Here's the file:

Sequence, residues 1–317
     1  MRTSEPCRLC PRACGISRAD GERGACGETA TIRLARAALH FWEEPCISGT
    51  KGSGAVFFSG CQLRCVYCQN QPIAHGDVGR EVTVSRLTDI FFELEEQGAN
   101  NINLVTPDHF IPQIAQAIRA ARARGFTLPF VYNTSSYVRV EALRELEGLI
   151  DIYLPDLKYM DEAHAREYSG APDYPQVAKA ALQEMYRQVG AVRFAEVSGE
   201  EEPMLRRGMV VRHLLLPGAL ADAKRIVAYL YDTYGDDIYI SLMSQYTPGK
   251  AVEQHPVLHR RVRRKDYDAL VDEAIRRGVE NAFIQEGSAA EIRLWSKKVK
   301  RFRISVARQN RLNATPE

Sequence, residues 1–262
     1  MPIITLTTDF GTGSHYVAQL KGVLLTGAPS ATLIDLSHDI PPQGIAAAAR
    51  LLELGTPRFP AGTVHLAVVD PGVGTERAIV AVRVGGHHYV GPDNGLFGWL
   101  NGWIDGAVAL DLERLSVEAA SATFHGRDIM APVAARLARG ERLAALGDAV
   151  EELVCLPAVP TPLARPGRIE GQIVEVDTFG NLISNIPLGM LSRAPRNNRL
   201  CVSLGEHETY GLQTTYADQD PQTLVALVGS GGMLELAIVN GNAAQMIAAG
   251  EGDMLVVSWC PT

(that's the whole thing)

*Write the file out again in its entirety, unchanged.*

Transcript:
Sequence, residues 1–317
     1  MRTSEPCRLC PRACGISRAD GERGACGETA TIRLARAALH FWEEPCISGT
    51  KGSGAVFFSG CQLRCVYCQN QPIAHGDVGR EVTVSRLTDI FFELEEQGAN
   101  NINLVTPDHF IPQIAQAIRA ARARGFTLPF VYNTSSYVRV EALRELEGLI
   151  DIYLPDLKYM DEAHAREYSG APDYPQVAKA ALQEMYRQVG AVRFAEVSGE
   201  EEPMLRRGMV VRHLLLPGAL ADAKRIVAYL YDTYGDDIYI SLMSQYTPGK
   251  AVEQHPVLHR RVRRKDYDAL VDEAIRRGVE NAFIQEGSAA EIRLWSKKVK
   301  RFRISVARQN RLNATPE

Sequence, residues 1–262
     1  MPIITLTTDF GTGSHYVAQL KGVLLTGAPS ATLIDLSHDI PPQGIAAAAR
    51  LLELGTPRFP AGTVHLAVVD PGVGTERAIV AVRVGGHHYV GPDNGLFGWL
   101  NGWIDGAVAL DLERLSVEAA SATFHGRDIM APVAARLARG ERLAALGDAV
   151  EELVCLPAVP TPLARPGRIE GQIVEVDTFG NLISNIPLGM LSRAPRNNRL
   201  CVSLGEHETY GLQTTYADQD PQTLVALVGS GGMLELAIVN GNAAQMIAAG
   251  EGDMLVVSWC PT